We consider the relationship between the location choices of potentially polluting firms and local income. Unlike previous research in the area of environmental justice, we distinguish between pollution potential and actual releases of toxic substances in the locality. We explore the relationship between the profit maximizing behavior of potentially polluting firms in their choice of both location and expenditures to influence the likelihood of toxic releases and their expected financial costs. We proxy the expenditures on prudential behavior by observing the co-localization of waste remediation activities. Evidence supports the conclusion that firms behave rationally in managing risk of toxic release, which may result in disparities in exposure to toxic releases faced by certain population groups.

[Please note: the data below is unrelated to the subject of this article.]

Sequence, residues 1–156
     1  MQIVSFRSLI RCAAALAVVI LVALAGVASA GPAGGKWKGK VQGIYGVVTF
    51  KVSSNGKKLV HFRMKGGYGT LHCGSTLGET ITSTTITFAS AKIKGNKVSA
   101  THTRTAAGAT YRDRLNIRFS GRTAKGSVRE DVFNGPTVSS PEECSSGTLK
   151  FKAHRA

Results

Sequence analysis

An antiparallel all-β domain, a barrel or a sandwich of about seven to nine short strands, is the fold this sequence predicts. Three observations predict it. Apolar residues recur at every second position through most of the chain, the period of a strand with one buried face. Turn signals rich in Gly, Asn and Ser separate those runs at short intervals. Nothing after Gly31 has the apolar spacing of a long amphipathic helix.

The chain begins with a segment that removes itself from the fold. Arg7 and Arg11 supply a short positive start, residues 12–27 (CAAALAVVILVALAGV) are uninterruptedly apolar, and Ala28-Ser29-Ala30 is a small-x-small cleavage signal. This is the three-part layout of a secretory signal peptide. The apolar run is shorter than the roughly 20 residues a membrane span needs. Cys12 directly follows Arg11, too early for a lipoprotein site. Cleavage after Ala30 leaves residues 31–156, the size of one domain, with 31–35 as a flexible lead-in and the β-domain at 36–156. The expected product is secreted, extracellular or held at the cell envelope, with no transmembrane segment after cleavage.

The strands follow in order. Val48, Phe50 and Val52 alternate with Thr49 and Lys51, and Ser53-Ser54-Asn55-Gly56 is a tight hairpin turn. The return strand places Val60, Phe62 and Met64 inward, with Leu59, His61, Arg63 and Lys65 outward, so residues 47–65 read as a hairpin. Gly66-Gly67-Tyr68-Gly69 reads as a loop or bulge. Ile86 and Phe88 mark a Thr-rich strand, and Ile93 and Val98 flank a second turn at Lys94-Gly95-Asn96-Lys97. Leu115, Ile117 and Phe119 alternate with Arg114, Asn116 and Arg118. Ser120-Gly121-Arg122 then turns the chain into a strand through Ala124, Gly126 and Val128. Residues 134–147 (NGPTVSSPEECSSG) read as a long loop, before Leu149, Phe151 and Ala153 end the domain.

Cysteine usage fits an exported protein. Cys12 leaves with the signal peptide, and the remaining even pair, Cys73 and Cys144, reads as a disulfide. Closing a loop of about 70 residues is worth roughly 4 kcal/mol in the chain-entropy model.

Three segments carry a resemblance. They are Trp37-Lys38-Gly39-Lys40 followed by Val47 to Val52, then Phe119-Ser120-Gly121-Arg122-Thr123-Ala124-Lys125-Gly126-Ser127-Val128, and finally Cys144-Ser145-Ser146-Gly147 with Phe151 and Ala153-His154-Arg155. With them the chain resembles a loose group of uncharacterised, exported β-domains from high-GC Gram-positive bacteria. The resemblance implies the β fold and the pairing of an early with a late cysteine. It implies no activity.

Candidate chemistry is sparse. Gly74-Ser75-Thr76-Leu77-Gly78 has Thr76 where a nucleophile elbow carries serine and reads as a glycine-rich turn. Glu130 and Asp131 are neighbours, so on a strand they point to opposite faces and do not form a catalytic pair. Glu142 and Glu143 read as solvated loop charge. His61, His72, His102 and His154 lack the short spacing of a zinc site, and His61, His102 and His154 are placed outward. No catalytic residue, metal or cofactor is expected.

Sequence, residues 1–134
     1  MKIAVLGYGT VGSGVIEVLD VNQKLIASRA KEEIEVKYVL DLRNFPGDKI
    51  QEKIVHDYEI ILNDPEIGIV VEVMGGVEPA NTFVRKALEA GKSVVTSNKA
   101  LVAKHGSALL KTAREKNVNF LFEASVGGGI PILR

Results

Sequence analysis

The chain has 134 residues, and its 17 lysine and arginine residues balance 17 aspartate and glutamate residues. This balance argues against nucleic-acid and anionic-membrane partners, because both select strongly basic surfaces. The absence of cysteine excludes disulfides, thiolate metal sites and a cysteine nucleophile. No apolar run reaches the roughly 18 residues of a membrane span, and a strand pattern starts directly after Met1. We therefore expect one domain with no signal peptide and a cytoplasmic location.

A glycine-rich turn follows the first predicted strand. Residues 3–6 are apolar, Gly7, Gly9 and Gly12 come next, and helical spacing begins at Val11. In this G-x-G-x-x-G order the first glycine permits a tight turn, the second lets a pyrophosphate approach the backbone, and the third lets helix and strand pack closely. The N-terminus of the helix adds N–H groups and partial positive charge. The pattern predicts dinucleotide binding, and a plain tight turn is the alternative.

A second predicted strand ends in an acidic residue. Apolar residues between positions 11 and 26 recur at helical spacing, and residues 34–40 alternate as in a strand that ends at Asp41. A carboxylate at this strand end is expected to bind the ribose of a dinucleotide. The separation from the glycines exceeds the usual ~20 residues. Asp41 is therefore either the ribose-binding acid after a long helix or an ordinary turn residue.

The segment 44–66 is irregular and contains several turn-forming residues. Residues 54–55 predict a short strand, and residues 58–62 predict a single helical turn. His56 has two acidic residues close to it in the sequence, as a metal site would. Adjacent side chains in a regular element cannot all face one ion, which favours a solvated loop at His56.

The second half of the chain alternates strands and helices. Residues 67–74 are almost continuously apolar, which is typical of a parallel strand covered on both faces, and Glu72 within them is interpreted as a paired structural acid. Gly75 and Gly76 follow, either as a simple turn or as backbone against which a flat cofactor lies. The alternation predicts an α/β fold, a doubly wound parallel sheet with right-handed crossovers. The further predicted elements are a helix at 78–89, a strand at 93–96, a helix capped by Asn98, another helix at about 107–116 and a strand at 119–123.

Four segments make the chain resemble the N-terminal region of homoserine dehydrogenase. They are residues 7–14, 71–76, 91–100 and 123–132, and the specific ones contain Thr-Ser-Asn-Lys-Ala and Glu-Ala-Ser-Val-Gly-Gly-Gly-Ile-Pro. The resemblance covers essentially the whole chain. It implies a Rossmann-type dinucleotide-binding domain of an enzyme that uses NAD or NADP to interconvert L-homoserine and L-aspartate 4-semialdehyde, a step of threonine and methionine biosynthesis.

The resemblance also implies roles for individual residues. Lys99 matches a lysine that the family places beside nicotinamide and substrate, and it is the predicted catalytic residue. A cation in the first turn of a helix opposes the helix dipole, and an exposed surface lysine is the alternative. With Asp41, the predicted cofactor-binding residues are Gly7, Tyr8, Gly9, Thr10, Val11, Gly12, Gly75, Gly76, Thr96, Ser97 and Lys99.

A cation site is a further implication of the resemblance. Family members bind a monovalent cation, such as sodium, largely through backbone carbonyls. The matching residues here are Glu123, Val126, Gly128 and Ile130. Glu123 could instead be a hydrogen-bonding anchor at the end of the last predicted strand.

- And firm entry
- Environment and toxic release
- Firm localization
- Profit maximizing behavior
- Waste management